The first stop on the trip featured three days in Krakow, Poland which is the only major Polish city to have emerged from World War II relatively undamaged. Highlights of our time in Krakow included two UNESCO World Heritage sites: the Old Town with its famous market square and St. Mary’s Church and the Wieliczka Salt Mine with its underground salt cathedral carved entirely from rock salt. The group was also able to tour the Polish Royal Castle that was home to their monarch for over 500 years. We also took a short drive to Auschwitz and witnessed firsthand the horrifying conditions of the infamous Nazi concentration camp. Our stay in Krakow was highlighted by a private concert for our group in the beautiful Florianka Hall of the famous Polish composer Frederic Chopin. A major draw for the travelers on this trip was the musical experiences, and this first performance set the bar very high.
From Krakow, we took a scenic drive through the Polish and Czech countryside on our way to Prague, Czech Republic. Prague was a unanimous hit among our Flying Jayhawks because of the combination of fascinating history, good food, abundant shopping and perfect weather. Three days in Prague were still not enough to take in all the historical and cultural offerings the city has to offer. Prague is also a UNESCO World Heritage site and is home to some of Europe’s most famous Gothic, Renaissance and Baroque architecture.
One of Prague’s most famous landmarks is the Charles Bridge, which is open only to foot traffic. This famous bridge is lined with sandstone statues of 17th and 18th century saints that have famously turned black over the years because of the composition of the materials and the aging process. However, one famous spot has maintained its original color as a spot for visitors touch to make a wish. Legend also holds that making a wish in this spot will cause the city to have a permanent pull on the wisher and bring them back to Prague in the future. All of the Flying Jayhawks agreed that they hope this is one legend that turns out to be true. From there, we were also lucky enough to receive a private tour of the Estates Theater and a performance of some of Mozart’s music in the building where his opera, Don Giovanni, premiered in 1787.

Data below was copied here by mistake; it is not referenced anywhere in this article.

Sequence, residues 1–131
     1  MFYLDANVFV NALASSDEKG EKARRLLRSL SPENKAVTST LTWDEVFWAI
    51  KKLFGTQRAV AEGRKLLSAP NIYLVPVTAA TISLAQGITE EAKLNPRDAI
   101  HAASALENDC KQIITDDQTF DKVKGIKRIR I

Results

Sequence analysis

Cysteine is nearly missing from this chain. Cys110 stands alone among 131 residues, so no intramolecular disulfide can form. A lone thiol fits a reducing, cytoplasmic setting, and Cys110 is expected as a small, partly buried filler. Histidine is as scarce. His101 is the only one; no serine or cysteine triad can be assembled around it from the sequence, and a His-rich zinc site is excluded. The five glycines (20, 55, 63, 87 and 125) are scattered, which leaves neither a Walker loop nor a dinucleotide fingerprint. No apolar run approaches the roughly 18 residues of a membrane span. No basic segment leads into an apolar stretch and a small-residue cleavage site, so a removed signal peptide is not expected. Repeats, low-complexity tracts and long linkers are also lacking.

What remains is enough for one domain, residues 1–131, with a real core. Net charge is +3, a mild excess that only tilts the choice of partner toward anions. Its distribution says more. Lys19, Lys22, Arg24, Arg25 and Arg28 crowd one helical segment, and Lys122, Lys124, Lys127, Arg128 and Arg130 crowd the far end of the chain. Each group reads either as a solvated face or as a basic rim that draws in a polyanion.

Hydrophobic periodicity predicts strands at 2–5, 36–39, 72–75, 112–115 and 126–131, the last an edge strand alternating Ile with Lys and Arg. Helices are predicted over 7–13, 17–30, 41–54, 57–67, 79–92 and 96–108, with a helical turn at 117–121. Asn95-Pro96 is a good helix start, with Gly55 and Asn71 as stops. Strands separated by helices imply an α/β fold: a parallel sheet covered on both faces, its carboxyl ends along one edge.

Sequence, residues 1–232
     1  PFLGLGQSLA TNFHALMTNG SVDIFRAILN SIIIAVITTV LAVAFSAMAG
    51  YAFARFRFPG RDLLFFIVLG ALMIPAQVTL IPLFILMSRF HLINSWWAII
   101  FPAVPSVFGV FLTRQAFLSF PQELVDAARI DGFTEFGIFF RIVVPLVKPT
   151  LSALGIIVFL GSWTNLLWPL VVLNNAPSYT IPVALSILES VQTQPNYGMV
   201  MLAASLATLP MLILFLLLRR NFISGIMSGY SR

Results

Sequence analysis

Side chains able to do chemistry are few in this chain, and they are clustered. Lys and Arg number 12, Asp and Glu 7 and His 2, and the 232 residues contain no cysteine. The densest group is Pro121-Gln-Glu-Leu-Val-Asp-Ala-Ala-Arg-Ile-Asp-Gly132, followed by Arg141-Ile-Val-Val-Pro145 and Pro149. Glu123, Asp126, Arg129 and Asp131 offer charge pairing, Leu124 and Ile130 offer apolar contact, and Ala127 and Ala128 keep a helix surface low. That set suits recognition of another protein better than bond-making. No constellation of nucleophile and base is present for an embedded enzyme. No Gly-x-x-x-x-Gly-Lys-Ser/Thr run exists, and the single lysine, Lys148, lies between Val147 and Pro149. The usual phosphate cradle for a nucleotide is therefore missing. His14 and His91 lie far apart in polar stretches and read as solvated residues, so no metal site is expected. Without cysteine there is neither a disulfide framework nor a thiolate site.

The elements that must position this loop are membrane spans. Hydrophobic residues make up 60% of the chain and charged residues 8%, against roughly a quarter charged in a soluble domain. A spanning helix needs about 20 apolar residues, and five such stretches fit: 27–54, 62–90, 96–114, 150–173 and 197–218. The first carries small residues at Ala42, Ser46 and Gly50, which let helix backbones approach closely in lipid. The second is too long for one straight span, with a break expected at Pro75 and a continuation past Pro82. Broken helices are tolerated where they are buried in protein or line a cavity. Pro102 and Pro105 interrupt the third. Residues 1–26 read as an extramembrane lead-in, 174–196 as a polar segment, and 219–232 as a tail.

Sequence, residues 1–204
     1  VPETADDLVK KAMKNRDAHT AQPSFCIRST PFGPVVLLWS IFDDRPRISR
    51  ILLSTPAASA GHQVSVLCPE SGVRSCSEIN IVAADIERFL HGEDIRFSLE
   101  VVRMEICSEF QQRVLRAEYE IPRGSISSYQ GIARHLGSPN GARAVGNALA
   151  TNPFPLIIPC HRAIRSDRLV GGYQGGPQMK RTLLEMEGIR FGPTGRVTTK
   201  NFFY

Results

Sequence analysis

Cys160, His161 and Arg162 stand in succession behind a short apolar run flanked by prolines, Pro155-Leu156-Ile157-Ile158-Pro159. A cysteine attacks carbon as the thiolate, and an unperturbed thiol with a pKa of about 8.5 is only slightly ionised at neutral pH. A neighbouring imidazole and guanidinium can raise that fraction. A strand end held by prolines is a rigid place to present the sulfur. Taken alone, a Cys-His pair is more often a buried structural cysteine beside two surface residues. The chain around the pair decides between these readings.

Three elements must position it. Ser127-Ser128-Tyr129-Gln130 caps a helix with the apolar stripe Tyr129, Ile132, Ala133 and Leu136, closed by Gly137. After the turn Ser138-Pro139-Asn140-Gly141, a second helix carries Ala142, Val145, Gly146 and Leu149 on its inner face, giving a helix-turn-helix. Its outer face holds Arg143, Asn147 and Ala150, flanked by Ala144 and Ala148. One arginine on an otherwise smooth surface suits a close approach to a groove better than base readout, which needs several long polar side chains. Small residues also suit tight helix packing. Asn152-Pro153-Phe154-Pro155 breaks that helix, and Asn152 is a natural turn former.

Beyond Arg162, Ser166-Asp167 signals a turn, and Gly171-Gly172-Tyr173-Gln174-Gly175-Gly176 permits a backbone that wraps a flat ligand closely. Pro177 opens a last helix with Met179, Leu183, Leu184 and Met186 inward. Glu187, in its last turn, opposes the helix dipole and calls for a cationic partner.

Prague also featured a visit to the Hradcany complex of castles, churches and museums which is the former residence of Bohemian royalty. Here we were lucky enough to view original Beethoven manuscripts in the family-owned Lobkowicz Palace in the Prague Castle complex and hear a private string performance of some of Beethoven’s most famous and recognizable works. The massive St. Vitus Cathedral, which took over 600 years to construct, showcased some of the most extravagant architecture of the entire trip. The cathedral even features a golden mosaic that glistened in the afternoon sun. Needless to say, Prague was certainly a highlight of the trip for all of our Flying Jayhawks.
The next phase of our journey included another drive south through more picturesque Czech countryside to the border town of Passau, Germany. In Passau, we were able to see and actually hear the largest cathedral organ in the world with its 18,000 pipes in the Cathedral of St. Stephan. After our short concert in the cathedral, we boarded the M.S. Amadeus Diamond, which was to be our new home on the Danube River for the rest of the trip. Once on board, we were treated to the Captain’s Welcome Reception, dinner and a performance of Haydn’s and Schumann’s compositions.
Our sailing time on the river was extremely comfortable. Unlike an ocean cruise, there were no waves, just smooth sailing down the picturesque Danube River. While the “blue” part of the “Blue Danube” may be a stretch at times, we were treated to views of beautiful rolling hills, vineyards and charming towns along the riverbanks. Every room had large windows to take in the view and the sun deck was a very popular spot to take pictures, especially with the Jayhawk flag flying proudly from the front of the ship.
Our cruise down the Danube also featured short stops for excursions in the Austrian towns of Melk and Durnstein. Melk is home to the magnificent Benedictine Abbey featuring stunning frescoes, architecture and gardens. It is also home to over 100,000 medieval manuscripts in their library that are still used by scholars today. Durnstein is home to the blue chapel of the Assumption of the Blessed Virgin Abbey Church and the hilltop ruins of Castle Kuenringer where Richard the Lionheart was imprisoned after the Third Crusade.
From there, we sailed into the beautiful Austrian capital city of Vienna. Our day and a half in Vienna featured a lot of history in a short amount of time as a driving tour of the city in the morning to see the most famous landmarks from the Austro-Hungarian Empire. The fantastic string of music on the trip was continued in Vienna by a private performance of Mozart’s music in the master composer’s former residence. The string quartet even dressed in traditional garb from Mozart’s time to set the mood even further beyond the beautifully painted performance space. Our last stop in Vienna was to the Schobrunn Palace, which served as the summer residence of the Habsburgs where a six-year-old musical prodigy named Mozart performed for the Empress Maria Theresa and her daughter, the future French queen Marie Antionette.